One Long Island Target employee who will be working her first holiday season in retail also asked not to be identified, but was ready to share her thoughts. “I think it is unfair to those having to go to work and minimizing their time with family and close friends. Thanksgiving is a time… where those who are unable to see relatives year round are able to come together and catch up,” she said. “There are some individuals who cannot take off for holidays.”
Small business owners are no happier about the Thanksgiving openings than the workers at larger chains. “The increased urgency to provide everything, all the time and the annual push by large retailers to cut in on the Thanksgiving holiday more and more year after year dilutes the moral fabric of our society,” said Walt Russell, the owner of Ready Riders in Dix Hills. “As a small business owner, my customers come to us because they enjoy the individual, personal attention that we give them at Ready Riders... This philosophy goes hand in hand with the ethics that respects national holidays, the importance of family and time together, and time to slow down.”
Retail workers are not the only ones objecting to the expansion of Black Friday into Thanksgiving. A new Facebook Group titled Say No to Shopping on Thanksgiving has already attracted more than 40,000 members with a simple mission statement: “Show retailers you care more for family and friends. Stay home on Thanksgiving with your family.”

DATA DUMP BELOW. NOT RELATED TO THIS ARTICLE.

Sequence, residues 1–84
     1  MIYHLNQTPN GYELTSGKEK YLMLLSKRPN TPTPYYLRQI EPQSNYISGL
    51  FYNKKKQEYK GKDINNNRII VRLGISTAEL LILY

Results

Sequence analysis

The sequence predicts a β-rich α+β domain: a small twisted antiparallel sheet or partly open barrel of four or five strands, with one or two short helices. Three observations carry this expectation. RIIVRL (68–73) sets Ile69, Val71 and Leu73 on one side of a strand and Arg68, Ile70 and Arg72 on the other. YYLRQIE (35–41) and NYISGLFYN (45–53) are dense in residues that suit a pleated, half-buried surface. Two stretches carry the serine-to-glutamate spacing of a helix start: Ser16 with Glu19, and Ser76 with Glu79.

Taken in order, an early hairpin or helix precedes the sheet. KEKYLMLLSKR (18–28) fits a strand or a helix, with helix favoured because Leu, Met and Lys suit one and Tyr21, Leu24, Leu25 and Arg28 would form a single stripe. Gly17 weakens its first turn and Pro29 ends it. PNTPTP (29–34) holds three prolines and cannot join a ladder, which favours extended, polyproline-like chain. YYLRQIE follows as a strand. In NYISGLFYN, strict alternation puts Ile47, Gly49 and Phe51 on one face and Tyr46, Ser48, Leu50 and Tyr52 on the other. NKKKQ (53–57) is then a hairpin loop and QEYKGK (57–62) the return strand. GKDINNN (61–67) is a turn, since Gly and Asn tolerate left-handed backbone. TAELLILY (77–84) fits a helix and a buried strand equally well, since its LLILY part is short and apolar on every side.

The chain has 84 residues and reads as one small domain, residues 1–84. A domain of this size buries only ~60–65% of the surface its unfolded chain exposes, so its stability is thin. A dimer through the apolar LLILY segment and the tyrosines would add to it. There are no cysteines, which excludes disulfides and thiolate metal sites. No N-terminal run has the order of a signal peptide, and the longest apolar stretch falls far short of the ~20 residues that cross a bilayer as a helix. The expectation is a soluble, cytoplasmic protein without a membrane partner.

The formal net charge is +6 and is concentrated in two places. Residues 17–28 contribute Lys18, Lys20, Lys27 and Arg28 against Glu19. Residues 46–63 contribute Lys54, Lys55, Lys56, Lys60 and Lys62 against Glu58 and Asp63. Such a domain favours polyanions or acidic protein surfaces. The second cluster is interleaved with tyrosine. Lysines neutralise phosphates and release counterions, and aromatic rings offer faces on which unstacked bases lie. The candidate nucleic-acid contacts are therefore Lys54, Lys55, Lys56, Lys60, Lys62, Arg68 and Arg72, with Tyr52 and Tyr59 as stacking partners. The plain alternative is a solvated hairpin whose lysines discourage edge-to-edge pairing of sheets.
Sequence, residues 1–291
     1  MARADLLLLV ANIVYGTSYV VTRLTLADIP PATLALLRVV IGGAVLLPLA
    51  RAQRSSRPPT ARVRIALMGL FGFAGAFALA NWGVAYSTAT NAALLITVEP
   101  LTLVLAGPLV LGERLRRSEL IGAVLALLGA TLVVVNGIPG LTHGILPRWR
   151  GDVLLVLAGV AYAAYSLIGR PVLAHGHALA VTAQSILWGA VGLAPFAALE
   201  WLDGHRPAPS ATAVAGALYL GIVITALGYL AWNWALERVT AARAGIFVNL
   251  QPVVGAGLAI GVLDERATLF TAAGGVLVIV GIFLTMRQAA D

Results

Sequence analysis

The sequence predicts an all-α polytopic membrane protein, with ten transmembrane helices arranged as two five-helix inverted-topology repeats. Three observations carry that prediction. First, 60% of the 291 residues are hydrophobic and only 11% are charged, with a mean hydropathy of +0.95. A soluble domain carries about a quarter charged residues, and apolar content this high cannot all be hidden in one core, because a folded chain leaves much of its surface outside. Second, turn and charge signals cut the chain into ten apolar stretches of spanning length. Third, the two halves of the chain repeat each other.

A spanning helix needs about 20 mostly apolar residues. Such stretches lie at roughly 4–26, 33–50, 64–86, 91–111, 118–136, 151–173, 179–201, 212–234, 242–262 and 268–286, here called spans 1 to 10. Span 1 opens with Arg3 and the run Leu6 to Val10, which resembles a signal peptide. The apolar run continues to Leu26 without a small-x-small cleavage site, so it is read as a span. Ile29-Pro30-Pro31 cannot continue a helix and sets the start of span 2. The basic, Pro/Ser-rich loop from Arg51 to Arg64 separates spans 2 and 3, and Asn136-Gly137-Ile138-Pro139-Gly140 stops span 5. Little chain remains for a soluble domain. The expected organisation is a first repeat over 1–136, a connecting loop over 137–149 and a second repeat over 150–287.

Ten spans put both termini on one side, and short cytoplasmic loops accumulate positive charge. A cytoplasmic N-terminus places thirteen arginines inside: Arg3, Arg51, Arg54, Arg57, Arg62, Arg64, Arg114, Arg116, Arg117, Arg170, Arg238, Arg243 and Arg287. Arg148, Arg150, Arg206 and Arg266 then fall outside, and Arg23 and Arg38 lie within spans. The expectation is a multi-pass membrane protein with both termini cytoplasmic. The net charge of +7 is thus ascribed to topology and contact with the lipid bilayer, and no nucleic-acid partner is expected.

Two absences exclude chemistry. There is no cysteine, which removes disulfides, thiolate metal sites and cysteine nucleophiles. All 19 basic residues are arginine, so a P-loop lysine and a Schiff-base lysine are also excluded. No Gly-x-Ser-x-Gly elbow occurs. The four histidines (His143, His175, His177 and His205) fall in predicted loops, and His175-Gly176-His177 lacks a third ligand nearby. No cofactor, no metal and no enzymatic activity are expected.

Likewise, a Change.org petition titled Target - Save Thanksgiving! which asks the retailer to stay closed on Turkey Day has collected over 50,000 signatures, and another asking Best Buy to return to a 5 AM Friday opening has found around 17,000 supporters.
Another Long Island retail worker, who also asked not to be identified, cautions that these petitions may have little effect. “The thought is nice, but as long as people camp out when Walmart or Target or Best Buy tells them they’re going to save the most money, the stores will keep opening earlier and earlier,” he said. “The sales don’t even have to be that special—and a lot of them really aren’t—it’s the simple idea that spending money on Black Friday is cheaper than other sales which keeps them coming back.”